Next, we meet Aleena, Bargle, and some of the words that cement D&D tropes all the way back to the beginnings. 

Posted by caffeinated at 11:44 AM in d10

Thursday, 31 August 2017

Day 31. What do you anticipate most in gaming for 2018?

Cubicle 7's release of a new edition of WFRP in the 1E/2E setting.

That is all.

Posted by caffeinated at 11:11 PM in d10

Wednesday, 30 August 2017

Day 30. What is an RPG genre-mashup you would most like to see?

Is there any RPG genre-mashup better than Shadowrun? I think not.

What about media mashups? How about Harry Potter or Near Dark in WFRP using the Realms of Sorcery or Night's Dark Masters supplements?

What about rebooting media mashups like TMNT&OS and After the Bomb in Savage Worlds?

Posted by caffeinated at 8:00 PM in d10

Tuesday, 29 August 2017

Day 29. What has been the best RPG Kickstarter you have backed?

I don't back many RPGs, speaking to the specific RPG concept. However, The Complete Elmore book was very well run by Larry and his partners. Delivered almost on-time and complete.

I backed Numenéra to spite the haters. Delivered complete and almost on-time. Beautiful book and artwork.

Were either of the above run better than others? Probably not. Kickstarter is full of risks and I am very careful about backing anything not already completed or at least resource complete.

I backed Dwimmermount, but we won't discuss that as anything other than an RPG Kickstarter because I know, have met, and support JaMal. He is good, honest people and he was going through some serious emotional upheaval in his life. No one that criticized him would want the same thing in their own life. No one. Except sociopaths.

Posted by caffeinated at 8:00 PM in d10

Monday, 28 August 2017

Day 28. What film/series is the biggest source of quotes for your group?

Is there just one film? Probably only a couple of series.

In no particular order:

  1. Monty Python and the Holy Grail
  2. Conan the Barbarian (1982)
  3. Game of Thrones
  4. The Lord of the Rings

That's probably the entire catechism for all of us.

I also believe this leans into my theory: don't make a D&D movie. These are the D&D movies. Frankly, Conan the Barbarian is a D&D movie.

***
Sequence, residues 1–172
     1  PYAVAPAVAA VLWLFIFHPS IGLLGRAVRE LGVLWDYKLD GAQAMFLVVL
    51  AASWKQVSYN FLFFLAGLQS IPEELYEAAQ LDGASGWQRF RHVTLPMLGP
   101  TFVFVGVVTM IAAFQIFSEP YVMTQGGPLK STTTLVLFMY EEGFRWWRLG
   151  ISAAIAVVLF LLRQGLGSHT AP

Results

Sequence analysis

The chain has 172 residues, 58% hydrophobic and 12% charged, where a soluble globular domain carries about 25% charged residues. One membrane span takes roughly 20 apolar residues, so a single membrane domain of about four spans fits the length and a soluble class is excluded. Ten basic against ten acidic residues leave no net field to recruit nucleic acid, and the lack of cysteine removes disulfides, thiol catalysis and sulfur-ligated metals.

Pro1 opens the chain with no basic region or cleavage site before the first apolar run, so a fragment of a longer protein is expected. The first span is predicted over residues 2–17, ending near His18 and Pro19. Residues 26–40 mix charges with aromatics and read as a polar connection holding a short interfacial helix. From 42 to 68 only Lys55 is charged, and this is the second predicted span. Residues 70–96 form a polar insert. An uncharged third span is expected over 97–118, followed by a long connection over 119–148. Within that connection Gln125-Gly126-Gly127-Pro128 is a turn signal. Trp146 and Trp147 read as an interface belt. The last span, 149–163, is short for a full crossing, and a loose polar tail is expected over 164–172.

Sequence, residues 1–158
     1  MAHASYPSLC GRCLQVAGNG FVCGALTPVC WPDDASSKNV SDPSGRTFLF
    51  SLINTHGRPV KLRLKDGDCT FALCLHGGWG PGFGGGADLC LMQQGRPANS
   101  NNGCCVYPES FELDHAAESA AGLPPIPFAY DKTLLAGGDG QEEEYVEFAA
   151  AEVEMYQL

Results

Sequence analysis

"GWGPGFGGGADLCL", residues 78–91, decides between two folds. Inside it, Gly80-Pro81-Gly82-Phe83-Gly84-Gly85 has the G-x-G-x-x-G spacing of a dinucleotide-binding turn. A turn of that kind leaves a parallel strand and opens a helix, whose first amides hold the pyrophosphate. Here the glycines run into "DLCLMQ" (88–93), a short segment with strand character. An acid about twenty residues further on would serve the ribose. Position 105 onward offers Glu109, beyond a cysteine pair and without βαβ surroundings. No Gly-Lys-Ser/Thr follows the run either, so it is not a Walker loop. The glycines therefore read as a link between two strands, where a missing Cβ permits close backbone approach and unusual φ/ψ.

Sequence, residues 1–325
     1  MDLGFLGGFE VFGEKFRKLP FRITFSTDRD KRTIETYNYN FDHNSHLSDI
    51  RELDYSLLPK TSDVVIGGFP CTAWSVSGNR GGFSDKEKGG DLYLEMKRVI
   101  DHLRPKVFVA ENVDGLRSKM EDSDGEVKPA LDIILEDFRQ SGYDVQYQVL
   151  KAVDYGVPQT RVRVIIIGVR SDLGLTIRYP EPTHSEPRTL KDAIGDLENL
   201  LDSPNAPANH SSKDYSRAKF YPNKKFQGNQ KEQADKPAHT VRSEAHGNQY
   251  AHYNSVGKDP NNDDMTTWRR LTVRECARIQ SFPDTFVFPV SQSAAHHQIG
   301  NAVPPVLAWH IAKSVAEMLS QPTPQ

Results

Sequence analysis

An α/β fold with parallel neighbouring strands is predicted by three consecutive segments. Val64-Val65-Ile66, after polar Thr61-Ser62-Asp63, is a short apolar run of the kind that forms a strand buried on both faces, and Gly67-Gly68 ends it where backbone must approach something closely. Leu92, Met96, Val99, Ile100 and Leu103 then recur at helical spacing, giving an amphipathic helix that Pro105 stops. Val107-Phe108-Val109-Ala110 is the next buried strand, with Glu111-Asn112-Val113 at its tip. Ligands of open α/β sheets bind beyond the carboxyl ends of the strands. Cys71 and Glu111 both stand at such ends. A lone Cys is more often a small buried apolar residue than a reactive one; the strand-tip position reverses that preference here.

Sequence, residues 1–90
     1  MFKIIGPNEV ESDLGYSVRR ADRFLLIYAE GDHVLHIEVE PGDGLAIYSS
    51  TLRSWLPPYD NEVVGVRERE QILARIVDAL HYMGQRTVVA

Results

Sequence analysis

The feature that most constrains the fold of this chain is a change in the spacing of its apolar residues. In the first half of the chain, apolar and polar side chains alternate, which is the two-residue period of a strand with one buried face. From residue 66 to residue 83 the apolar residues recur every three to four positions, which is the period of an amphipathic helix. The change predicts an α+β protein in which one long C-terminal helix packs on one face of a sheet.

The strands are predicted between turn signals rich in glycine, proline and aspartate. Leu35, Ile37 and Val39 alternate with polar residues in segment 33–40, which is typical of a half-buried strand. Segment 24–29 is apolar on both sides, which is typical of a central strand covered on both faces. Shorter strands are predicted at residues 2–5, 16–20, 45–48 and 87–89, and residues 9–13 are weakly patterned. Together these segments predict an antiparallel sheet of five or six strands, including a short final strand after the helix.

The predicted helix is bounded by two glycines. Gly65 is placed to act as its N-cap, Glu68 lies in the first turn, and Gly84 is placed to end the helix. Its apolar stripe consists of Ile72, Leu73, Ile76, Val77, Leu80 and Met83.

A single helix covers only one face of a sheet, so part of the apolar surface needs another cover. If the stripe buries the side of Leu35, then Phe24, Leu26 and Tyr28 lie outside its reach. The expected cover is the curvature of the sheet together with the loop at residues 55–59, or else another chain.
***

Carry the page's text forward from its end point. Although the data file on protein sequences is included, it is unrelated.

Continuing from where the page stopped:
Posted by caffeinated at 8:00 PM in d10

Sunday, 27 August 2017

Day 27. What are your essential tools for good gaming?

  • Dice
  • Core Rules and major supplements, e.g., D&D's Core Three.
  • Pencils
  • Paper
  • Graph Paper
  • Beer
  • Water
  • Tablet, e.g, iPad
  • WiFi

We tend to skip snacks and soda these days. We'll share a bomber or two of craft beer (22 oz.) instead.

Posted by caffeinated at 8:00 PM in d10

Saturday, 26 August 2017

Day 26. Which RPG provides the most useful resources?

I have a limited set of games I turn too. One will have seen that during the month.

But I'm going to go to a game mentioned, but not detailed much: Twilight:2000.

In Twilight:2000's heyday, the set of resources for player and GM alike was large. I recently purchased the complete set of v1.0 rules and supplements from Marc Miller's Far Future Enterprises. The nearly 30 supplements, sourcebooks, and scenario modules provided a civilian gamer's Jane's Defense Guide to all things late 80s US and Soviet Bloc military with a peek at experimental and concept weapons.

The almost 50 Challenger magazine articles rounded out the core material and kept the game fresh.

And yet it would be a disservice not to tip my hat to D&D's own Dungeon and Dragon magazines and deep library of supplements. Simply none can compete in volume and history.

Posted by caffeinated at 10:30 PM in d10

Friday, 25 August 2017

Day 25. What's the best way to thank your GM?

The answer here could be so self serving: material things.

Instead I think that it's a softer mix of attributes. Honesty and Engagement.

In the former, speak up when either there's a moment for player agency, e.g., the random insanity may not be very engaging for me, let me pick one. Or just saying: that session meandered, here's where I think might have looked for something different to happen or where it just fell apart.

In the latter, I find character journals and Play by Posts between sessions very satisfying. If I don't start them, light the fuse yourself.

Being thanked for the hours of fun and story work is very rewarding as well.

Posted by caffeinated at 8:00 PM in d10

Thursday, 24 August 2017

Day 24. Share a PWYW publisher who should be charging more.

More an imperative than an interrogative.

Pay What You Want  (PWYW) publishing is an awesome entry to getting started on OBS.

I had to think about this one because I mostly only hear about these faux-altruists in the media I consume and I've usually never heard of them, so let me look around, I'll be back.




There's too much, let me sum up: I don't have one. Yet. I'll pay attention more.

Posted by caffeinated at 8:00 PM in d10